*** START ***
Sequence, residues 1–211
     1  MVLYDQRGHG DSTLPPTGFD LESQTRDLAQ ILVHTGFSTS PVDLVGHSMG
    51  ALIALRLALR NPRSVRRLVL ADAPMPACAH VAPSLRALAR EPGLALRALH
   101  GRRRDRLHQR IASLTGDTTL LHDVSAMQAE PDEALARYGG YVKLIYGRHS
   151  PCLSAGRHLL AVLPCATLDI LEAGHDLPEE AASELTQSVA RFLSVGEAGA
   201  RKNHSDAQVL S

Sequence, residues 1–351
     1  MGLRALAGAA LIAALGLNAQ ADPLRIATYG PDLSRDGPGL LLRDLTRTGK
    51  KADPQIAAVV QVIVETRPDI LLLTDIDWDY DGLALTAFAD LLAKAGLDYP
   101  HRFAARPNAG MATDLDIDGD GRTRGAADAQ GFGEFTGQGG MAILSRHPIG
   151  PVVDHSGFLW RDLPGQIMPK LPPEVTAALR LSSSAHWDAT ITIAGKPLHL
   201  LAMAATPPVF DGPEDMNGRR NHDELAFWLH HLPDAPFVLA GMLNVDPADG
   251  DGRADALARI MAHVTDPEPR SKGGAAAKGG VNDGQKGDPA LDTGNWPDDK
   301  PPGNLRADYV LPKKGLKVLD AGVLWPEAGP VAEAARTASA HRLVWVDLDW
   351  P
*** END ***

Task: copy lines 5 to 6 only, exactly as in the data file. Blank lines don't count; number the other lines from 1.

   151  PCLSAGRHLL AVLPCATLDI LEAGHDLPEE AASELTQSVA RFLSVGEAGA
   201  RKNHSDAQVL S